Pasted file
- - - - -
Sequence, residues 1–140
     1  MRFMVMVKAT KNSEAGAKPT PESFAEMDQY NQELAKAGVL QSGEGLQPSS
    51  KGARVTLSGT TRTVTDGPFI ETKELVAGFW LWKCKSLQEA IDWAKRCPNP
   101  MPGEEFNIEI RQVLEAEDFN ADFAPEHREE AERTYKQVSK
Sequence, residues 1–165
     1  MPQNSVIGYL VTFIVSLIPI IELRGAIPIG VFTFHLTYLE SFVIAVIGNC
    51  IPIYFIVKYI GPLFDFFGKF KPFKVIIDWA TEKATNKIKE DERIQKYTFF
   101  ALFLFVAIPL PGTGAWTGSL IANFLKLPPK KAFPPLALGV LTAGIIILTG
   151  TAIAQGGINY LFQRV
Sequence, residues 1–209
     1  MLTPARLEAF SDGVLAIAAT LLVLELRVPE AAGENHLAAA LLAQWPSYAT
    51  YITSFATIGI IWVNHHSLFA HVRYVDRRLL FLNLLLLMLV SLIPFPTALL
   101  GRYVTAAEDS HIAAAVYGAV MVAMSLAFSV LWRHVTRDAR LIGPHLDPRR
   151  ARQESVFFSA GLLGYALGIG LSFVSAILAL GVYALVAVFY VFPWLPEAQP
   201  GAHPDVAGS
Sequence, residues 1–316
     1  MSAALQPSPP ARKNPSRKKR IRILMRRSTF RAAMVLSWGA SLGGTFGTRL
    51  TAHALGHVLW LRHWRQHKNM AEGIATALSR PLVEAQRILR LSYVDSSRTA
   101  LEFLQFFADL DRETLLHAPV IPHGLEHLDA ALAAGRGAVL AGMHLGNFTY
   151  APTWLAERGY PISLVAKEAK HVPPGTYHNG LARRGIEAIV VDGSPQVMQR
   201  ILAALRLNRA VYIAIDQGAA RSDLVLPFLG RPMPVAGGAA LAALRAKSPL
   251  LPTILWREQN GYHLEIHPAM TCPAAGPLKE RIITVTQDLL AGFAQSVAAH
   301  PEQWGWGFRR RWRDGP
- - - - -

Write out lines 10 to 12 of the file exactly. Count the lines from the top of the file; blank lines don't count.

Sequence, residues 1–209
     1  MLTPARLEAF SDGVLAIAAT LLVLELRVPE AAGENHLAAA LLAQWPSYAT
    51  YITSFATIGI IWVNHHSLFA HVRYVDRRLL FLNLLLLMLV SLIPFPTALL